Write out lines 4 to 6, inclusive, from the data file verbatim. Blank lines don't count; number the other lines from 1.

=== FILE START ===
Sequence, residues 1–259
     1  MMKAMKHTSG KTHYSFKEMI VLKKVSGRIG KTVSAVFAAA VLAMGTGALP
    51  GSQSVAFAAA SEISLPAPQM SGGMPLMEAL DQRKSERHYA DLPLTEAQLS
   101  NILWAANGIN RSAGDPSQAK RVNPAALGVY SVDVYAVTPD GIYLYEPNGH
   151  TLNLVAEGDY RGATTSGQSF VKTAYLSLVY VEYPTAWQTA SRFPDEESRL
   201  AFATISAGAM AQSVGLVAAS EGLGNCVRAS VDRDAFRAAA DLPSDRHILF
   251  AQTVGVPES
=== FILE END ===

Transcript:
   101  NILWAANGIN RSAGDPSQAK RVNPAALGVY SVDVYAVTPD GIYLYEPNGH
   151  TLNLVAEGDY RGATTSGQSF VKTAYLSLVY VEYPTAWQTA SRFPDEESRL
   201  AFATISAGAM AQSVGLVAAS EGLGNCVRAS VDRDAFRAAA DLPSDRHILF